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 Czech Republic
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Osoblaha (Czech pronunciation: [ˈosoblaɦa]; German: Hotzenplotz; Yiddish: האָצ׳פּלאָץ‎ (Hotz'plotz, Hots'plots); Polish: Osobłoga; Silesian: Ôsobłoga) is a municipality and village in Bruntál District in the Moravian-Silesian Region of the Czech Republic. It has about 1,100 inhabitants. It lies in the Osoblažsko microregion. The Osoblaha River flows through the municipality. Osoblaha municipality is situated in the northern part of the microregion, and is the final stop of the narrow-gauge railway.

Administrative parts

Village of Osoblaha is the only part of the municipality. In the area of Osoblaha lies former village of Studnice, which is abandoned since 1971.


The Czech name of the village came from Latin names of two local rivers, Osoblaha and Planá, in Latin Ossa and Plavia.The German name "Hotzenplotz" was derived from German Holzen Platz (literally wooden place) and has its origin in oak forests in the area. It served the German writer Otfried Preussler for naming his famous children's book character of "Hotzenplotz the Robber".


The first mention of Osoblaha dates back to 1233. The village gained the town rights in 1251, which opened the way for its subsequent economical development.According to the Austrian census of 1910 the town had 2,853 inhabitants, 2,759 of whom had permanent residence there. The census asked people for their native language: 2,754 (99.8%) declared themselves to be German-speaking, though this includes most Yiddish-speaking Jews, who were not allowed to enter Yiddish as a separate language. The main religious groups were Roman Catholics with 2,779 (97.4%), followed by Jews with 58 (2%).From 1938 to 1945 it was one of the municipalities in Sudetenland. World War II halted the small-town prosperity of Osoblaha (Osoblaha had a population of nearly 5,000 in the 1930s). Although Osoblaha was the first town in the Czech lands to be liberated by Soviet troops on 22 March 1945, the bitter fighting caused the destruction of 90% of all buildings. In 1960 the town lost its town status.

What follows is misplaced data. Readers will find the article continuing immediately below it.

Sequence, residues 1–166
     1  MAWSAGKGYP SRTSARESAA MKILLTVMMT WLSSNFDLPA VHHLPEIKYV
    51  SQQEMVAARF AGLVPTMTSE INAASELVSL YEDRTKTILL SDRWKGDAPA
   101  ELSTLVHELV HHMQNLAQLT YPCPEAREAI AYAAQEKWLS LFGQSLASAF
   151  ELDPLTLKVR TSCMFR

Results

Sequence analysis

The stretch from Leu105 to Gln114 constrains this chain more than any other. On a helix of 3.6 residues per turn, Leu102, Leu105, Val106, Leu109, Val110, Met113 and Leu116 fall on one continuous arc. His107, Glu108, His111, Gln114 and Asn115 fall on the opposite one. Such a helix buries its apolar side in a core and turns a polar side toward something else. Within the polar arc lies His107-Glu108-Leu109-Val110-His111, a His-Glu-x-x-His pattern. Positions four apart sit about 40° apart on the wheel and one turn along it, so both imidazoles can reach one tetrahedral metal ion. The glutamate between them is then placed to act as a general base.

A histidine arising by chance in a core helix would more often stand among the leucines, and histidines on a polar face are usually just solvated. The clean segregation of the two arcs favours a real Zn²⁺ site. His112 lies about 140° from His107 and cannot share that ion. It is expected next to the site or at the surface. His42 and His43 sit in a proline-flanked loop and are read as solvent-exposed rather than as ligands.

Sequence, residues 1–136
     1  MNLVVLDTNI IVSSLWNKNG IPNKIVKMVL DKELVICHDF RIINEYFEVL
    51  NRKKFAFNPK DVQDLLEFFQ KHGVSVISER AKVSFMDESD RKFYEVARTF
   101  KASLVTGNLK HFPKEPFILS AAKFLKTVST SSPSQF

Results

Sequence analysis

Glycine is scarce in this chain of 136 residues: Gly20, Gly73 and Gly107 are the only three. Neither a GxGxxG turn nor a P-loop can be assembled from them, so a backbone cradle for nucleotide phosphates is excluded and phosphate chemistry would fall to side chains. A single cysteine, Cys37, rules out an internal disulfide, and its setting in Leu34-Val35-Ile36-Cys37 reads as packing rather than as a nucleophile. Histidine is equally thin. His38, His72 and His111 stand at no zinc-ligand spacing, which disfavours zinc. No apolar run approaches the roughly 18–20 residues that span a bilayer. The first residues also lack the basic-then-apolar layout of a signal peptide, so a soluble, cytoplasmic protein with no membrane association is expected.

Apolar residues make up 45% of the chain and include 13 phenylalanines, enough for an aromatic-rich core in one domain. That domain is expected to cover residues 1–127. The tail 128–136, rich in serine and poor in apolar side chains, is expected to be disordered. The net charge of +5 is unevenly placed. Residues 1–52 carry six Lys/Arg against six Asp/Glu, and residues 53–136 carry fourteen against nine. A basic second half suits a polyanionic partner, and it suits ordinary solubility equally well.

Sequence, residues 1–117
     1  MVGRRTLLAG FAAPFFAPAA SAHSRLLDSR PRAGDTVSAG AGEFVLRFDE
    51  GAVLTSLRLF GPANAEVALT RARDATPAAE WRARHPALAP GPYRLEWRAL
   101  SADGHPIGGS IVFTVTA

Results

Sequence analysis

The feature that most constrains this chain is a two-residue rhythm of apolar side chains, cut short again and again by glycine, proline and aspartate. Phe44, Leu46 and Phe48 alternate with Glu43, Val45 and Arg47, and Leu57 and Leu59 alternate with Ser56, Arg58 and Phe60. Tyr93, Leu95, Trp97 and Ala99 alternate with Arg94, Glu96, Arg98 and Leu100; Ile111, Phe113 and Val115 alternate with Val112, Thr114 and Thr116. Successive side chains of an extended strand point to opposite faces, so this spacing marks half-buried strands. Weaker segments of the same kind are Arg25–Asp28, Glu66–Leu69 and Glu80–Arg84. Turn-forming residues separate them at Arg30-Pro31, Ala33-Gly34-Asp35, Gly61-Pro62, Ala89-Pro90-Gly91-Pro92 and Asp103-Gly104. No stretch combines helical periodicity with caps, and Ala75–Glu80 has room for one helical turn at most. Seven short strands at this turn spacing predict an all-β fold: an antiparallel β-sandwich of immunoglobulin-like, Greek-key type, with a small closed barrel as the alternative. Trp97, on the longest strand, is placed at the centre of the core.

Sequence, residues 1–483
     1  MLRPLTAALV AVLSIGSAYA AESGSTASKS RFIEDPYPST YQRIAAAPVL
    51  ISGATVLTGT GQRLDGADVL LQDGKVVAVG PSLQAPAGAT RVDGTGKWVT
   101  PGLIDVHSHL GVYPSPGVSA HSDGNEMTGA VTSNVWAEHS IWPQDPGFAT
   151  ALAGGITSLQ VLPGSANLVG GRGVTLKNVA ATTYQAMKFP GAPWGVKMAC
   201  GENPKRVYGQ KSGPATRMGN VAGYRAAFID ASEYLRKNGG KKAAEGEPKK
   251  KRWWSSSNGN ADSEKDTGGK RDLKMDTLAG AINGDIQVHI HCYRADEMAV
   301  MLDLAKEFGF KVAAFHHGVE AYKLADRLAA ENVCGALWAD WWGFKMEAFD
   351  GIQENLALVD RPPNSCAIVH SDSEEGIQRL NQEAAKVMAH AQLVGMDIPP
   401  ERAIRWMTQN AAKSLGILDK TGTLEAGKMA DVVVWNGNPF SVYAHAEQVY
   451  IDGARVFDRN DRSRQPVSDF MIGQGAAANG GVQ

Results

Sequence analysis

The most important monument is the Jewish cemetery. The cemetery is unique in the Czech Republic because of the gravestones ("matzeva") designed in the "Silesian style". This type of tombstones typically uses ornamentation dating back as far as 1694. Remains of former town fortifications from the 16th century can be seen in the town. Other monument is the St. Nicholas Church, which together with the empire fountain on the square is one of the last monuments to attest the Osoblaha's original architectural style. In the 1870s, the owners of the sugar refinery in Osoblaha wanted a railway connection for purposes of trade. From financial point of view, the best alternative was a connection to the railway network in neighbouring Prussia. However, the government in Vienna refused this on political and military grounds. On 14th December 1898 a narrow gauge railway line from Třemešná was opened. The railway today serves as a touristic attraction.

Notable people

Berthold Englisch (1851–1897), Austrian chess master Oskar Gutwinski (1873–1932), mountaineer and ski pioneer

Twin towns – sister cities

Osoblaha is twinned with: Izbicko, Poland
This dGuide uses material from the Wikipedia,
released under the Creative Commons Attribution-Share-Alike License 3.0.


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